Hudson River SAV Mapping
Since 1995, IRIS has been working with the Hudson River National Estuarine Research Reserve and the Hudson River Estuary Program, to inventory and map submerged aquatic vegetation (SAV) as part of a continuing effort to monitor SAV in the Hudson River. Three comprehensive river-wide inventories have been completed. In 1995, the first inventory of SAV and Trapa natans was conducted on what is now referred to as the "main stem" of the river. In 2002 and 2007, two more SAV inventories were undertaken with an expanded area of study which included coves and major tributaries. Nine major tributaries were identified as part of the SAV mapping area: Rondout Creek, Catskill Creek, Esopus Creek, Annsville Creek, Croton River, Stockport Creek, Moodna Creek, Fishkill Creek, and Wappinger Creek. An inventory for 2014 is currently underway.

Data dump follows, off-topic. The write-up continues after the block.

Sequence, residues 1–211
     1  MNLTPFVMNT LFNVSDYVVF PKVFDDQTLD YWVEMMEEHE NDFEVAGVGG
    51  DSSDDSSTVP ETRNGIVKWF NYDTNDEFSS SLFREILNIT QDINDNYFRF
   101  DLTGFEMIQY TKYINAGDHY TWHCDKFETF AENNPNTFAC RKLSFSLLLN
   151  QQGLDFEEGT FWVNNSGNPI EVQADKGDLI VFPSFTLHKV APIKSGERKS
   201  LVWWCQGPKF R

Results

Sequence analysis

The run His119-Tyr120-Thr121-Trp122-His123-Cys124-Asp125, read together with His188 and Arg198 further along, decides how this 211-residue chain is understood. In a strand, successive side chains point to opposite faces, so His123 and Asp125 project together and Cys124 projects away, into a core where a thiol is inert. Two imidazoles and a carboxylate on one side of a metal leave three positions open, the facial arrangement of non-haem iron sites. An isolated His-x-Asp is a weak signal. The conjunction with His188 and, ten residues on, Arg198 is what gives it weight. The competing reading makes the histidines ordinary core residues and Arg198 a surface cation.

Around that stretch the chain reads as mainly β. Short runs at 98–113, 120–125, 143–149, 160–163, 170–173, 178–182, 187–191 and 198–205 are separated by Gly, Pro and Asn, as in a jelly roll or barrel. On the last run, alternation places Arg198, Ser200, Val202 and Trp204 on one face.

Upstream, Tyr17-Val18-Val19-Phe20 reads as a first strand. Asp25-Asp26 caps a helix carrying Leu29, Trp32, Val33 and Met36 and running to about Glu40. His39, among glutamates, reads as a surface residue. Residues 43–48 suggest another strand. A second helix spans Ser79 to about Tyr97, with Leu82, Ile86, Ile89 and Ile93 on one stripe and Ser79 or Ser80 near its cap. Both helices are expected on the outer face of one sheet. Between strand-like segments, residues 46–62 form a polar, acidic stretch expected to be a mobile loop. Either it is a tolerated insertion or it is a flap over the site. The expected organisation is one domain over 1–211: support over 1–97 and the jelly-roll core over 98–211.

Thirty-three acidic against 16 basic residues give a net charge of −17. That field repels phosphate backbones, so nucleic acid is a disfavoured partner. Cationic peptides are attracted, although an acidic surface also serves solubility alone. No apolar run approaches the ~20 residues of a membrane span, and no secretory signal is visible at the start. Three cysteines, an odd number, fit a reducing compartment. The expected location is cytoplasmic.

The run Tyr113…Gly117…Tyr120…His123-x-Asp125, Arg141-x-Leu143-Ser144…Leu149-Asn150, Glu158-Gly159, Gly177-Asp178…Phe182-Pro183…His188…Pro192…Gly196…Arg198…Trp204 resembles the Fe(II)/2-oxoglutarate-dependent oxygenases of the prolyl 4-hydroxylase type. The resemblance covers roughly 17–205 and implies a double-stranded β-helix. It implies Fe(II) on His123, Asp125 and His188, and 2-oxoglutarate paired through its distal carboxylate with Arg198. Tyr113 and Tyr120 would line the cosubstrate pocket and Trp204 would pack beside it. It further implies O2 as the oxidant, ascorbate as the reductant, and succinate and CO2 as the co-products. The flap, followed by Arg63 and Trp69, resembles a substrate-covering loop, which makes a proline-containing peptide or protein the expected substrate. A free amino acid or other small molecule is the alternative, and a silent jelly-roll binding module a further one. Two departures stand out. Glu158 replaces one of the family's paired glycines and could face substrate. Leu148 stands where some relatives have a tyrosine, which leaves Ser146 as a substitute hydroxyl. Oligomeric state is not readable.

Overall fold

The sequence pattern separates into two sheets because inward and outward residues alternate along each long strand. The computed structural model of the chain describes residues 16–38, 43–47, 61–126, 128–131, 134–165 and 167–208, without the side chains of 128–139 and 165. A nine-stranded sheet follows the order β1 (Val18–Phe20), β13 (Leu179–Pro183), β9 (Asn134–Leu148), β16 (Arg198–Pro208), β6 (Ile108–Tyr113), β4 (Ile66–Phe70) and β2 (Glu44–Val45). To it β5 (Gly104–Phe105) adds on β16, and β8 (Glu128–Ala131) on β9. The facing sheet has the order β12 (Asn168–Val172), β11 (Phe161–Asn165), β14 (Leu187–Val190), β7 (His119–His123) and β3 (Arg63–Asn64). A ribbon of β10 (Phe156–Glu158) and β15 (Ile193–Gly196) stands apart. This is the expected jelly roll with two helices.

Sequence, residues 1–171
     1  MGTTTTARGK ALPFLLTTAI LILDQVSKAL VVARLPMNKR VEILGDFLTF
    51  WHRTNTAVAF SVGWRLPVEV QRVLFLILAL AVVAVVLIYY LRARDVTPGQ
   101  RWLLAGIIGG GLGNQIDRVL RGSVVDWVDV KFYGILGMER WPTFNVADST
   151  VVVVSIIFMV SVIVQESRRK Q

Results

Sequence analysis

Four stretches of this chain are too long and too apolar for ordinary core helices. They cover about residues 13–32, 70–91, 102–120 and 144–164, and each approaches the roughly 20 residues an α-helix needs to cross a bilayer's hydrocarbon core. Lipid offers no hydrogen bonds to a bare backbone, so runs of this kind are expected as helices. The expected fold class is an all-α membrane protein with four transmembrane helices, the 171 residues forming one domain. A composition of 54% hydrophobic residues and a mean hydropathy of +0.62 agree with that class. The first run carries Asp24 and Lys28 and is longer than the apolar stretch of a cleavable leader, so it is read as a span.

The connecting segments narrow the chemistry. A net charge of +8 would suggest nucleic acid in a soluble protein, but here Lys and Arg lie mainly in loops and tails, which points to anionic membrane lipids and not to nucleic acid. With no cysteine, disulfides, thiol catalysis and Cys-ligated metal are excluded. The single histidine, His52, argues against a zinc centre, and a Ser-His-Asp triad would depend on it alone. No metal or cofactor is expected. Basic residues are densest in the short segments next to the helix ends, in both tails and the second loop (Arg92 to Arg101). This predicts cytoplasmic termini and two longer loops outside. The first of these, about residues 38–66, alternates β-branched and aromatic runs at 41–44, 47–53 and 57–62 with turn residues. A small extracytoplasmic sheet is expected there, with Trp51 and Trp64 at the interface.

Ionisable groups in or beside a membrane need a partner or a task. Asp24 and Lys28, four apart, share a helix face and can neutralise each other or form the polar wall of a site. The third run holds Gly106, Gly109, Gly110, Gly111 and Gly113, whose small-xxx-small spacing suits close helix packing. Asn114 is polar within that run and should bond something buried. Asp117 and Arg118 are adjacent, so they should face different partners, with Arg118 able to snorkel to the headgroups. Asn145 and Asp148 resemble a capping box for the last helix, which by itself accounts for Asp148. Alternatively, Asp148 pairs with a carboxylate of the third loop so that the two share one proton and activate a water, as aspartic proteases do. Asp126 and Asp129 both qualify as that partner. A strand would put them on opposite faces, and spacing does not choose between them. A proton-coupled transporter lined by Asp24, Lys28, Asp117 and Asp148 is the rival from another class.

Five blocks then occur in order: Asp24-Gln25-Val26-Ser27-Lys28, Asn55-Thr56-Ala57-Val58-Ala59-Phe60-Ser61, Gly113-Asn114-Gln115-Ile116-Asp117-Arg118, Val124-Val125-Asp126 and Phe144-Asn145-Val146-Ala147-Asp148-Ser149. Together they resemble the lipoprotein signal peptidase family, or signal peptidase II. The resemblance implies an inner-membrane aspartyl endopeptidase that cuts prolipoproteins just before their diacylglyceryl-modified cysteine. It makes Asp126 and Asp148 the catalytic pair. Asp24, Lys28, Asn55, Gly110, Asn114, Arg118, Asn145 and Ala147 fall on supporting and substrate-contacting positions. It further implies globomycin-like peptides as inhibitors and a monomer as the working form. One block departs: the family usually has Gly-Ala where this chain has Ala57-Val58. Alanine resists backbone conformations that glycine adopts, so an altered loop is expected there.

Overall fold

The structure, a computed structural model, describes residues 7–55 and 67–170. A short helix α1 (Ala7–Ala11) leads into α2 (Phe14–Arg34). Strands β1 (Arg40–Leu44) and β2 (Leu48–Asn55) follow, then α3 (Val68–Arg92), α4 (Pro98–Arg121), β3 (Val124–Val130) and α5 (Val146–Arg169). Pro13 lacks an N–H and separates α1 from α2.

Each inventory maps SAV and Trapa natans (water chestnut) from Troy to Hastings-on-Hudson. Past reports and associated documents have referred to SAV and Vallisneria americana interchangeably. This usage is based on fact that Vallisneria americana (water celery) is the dominate species (90%) of the SAV community.
The objectives in performing the current 2014 mapping are: 1) Document existing SAV and Trapa natans plant presence and extent using digital aerial imagery; 2) Identify areas of change between the 2007 and 2014 mapping; and 3) Conduct a river-wide accuracy assessment of the 2014 mapping effort. Monitoring has demonstrated that SAV beds may disappear and return, probably in response to a variety of factors. Documented SAV Habitat merits stringent protection by managers and regulators.
Dr. Magdeline Laba, ml49 [at] cornell.edu